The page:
The Belgians love music no matter where you go – there is always a radio playing somewhere, even in the showers of the yacht club! And as in Hamburg, time has stopped musically and the playlists of the 70s, 80s and 90s run non-stop in the loop. It’s time for the sea … “enjoy the silence”.
The vision of the weather frogs: for 12 hours wind 3-4 from north-east, then turning to south-east 4 – that sounds almost like Christmas! Saturday morning 09 o’clock departure Oostende and indeed, we have the perfect wind – fantastic! For the first time since Hamburg relaxed sailing …
In the afternoon, across Dunkerk (France), the tide capsizes and 6 hours of countercurrent are on the program, in the frying pan delicious pork chops and the Expresso is already prepared too. Speed over ground 2 – 3 knots, we have time … all fine!
The wind begins to turn south, just as predicted. And he turns and turns … to southwest, right on our nose! Time for a quick weather update, it gets even better – westerly gale warning for the early morning! A short radio conversation with Blueberry and the new course to Dover is set.
Well, no time to be upset about the weather, here we go crossing the Strait of Dover – at a right angle through the TSS (Traffic Separation Scheme). First, the 4 nautical miles west-east runway, then to relax the 1 nautical mile wide separation zone and finally again the same game only in reverse with steamers on our starboard side, moving from east to west. More than 400 merchant ships come here daily through the narrowness, as a bonus the ferries, well at least almost no yachts are on their way.
We reach the English coast southwest of the Godwin banks without sinking one merchant ship! We make radio contact with Dover Port Control 3 nautical miles from the harbor because there is an absolute registration requirement for all ships approaching the port.. We get green light for the western entrance and an hour later our lines are tight up in Dover Marina.
After a nap we hold a crisis meeting on Stardust. The weather charts look cruel to us, one low pressure after another for the next 9 days and no hope for a breeze in our direction – just hard to believe! Nobody is willing to sail against wind & waves with theese strong currents, not talking about the stress for our boats. Also the port fees in the kingdom are more than salted, for the small 28 footer Stardust between 25 to 50 British pounds per night, for Blueberry 30 to 60 pounds. The decision is retreat a 100 nautical miles back to Neeltje Jans in the Netherlands and wait there for better weather.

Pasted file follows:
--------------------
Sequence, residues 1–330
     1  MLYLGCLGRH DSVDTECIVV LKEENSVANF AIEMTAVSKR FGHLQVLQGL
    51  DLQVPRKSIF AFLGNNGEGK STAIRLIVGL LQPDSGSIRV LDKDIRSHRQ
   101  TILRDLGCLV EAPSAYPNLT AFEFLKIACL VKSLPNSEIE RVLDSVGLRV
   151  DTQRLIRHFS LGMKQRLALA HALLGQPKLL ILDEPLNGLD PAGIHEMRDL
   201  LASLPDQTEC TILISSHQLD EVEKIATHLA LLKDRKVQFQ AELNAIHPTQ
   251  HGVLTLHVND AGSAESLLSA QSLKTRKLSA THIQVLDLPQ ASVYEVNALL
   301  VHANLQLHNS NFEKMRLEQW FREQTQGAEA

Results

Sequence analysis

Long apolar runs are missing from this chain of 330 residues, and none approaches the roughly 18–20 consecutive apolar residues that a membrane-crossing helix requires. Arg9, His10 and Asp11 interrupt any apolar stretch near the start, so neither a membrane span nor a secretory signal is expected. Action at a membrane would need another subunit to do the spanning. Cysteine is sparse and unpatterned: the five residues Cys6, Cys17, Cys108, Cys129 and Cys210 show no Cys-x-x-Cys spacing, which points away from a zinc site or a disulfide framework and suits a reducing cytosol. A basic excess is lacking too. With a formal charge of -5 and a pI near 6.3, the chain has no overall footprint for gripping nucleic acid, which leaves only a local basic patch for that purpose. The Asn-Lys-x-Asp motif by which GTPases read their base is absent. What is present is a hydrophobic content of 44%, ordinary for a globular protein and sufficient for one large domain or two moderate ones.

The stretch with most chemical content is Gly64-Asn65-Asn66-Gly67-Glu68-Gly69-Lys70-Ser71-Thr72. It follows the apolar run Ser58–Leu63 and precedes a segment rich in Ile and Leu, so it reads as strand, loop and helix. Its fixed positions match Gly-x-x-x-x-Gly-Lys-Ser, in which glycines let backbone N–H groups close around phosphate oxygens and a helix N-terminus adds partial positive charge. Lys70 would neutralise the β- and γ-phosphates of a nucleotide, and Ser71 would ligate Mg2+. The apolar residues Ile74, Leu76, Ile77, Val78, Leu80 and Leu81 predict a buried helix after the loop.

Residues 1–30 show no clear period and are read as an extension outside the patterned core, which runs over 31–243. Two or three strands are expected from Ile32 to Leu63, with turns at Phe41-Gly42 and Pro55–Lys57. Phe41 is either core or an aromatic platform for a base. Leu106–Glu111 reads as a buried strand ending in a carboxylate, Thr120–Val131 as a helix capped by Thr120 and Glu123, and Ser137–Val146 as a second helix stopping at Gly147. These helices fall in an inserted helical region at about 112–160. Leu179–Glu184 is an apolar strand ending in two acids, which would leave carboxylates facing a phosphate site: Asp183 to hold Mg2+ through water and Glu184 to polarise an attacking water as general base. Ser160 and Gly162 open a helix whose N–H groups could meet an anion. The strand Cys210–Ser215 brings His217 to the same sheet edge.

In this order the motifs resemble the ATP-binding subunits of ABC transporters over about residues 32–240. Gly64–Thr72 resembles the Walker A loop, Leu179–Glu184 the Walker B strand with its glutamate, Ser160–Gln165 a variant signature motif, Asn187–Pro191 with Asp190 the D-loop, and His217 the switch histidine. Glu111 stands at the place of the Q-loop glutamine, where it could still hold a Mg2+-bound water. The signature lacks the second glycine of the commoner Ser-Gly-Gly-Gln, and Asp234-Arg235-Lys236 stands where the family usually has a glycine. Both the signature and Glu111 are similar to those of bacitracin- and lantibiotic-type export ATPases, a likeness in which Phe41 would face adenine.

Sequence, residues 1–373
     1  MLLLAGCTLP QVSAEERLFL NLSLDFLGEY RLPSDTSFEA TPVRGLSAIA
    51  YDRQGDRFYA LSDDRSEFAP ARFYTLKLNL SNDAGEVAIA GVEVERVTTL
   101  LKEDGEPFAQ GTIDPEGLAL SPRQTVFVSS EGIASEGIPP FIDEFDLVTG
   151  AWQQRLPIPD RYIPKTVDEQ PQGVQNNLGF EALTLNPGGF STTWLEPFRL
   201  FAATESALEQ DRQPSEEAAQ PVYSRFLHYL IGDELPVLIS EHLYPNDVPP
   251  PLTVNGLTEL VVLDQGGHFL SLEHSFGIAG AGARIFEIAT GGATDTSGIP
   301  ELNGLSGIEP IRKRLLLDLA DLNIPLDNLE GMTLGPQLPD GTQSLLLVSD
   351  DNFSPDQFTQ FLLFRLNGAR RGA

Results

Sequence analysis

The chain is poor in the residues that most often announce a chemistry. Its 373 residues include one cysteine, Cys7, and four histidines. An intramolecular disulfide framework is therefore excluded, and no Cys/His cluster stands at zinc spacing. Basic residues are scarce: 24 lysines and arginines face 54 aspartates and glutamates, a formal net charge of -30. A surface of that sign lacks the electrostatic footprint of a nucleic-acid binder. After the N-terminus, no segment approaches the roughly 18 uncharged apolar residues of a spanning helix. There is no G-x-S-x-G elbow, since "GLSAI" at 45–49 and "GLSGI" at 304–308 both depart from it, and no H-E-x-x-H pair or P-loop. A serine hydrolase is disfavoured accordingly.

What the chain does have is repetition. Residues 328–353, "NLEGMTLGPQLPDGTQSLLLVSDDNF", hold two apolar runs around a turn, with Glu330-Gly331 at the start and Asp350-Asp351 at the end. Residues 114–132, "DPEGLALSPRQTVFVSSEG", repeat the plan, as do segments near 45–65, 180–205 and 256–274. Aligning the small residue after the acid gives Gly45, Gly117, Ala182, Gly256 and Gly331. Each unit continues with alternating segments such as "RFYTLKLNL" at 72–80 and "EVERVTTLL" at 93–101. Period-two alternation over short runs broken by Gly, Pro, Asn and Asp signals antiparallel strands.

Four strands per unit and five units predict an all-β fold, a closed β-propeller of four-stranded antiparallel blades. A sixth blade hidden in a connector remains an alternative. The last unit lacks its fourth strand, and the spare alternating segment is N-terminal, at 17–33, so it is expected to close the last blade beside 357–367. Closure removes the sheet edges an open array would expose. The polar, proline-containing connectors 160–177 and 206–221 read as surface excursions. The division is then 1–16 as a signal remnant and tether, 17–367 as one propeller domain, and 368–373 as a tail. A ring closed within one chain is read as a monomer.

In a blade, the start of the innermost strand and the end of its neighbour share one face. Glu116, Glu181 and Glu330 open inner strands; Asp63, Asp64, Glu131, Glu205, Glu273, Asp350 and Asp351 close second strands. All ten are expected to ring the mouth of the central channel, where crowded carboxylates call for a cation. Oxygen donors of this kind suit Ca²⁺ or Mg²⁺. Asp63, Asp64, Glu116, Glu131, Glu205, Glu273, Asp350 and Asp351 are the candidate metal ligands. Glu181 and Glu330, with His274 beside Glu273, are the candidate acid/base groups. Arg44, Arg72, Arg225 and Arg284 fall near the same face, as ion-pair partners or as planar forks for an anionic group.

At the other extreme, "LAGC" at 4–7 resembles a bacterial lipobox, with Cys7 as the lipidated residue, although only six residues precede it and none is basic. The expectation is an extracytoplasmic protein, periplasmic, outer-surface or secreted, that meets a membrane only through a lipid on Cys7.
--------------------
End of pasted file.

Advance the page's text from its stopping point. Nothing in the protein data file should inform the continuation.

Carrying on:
The return trip to Neeltje Jans was anything but good for Lutz on S.Y. Blueberry, just one hour after leaving Dover, incoming radio message: “Autopilot failed”. For 25 hours he sat uninterruptedly at the helm, the whole at aft wind – a gybe lurks at every slightest concentration weakness! A break was out of question because another radio message came in, this time from the Dutch Coast Guard: “gale warning for our sea area”, hurry up! We reached Neeltje Jans around 6 pm and passed through the lock immediately to set up a quiet overnight camp inlands. We just made it in time and the wind started blowing, unnoticed from Lutz who was in dreamland already 🙂
Well, after a simpel analysis of our situation the answer is: “October is far to late in the season to leave Hamburg going south”. Last year it worked out fine, but that was also a very special summer. Anyway, Lutz pulled the consequences, we laid down his mast and he drove over the beautiful Dutch canals to Maastricht to spend the winter there. Sensible! 🙂 And we on Stardust …. well, hope dies last and we are still waiting for a weather miracle. If nothing changes, then let’s have some fun again on the North Sea with perfect winds sailing back to Hamburg. Deadline is the end of October. Until then, we are on stand-by in Rotterdam – Yoohooo! 🙂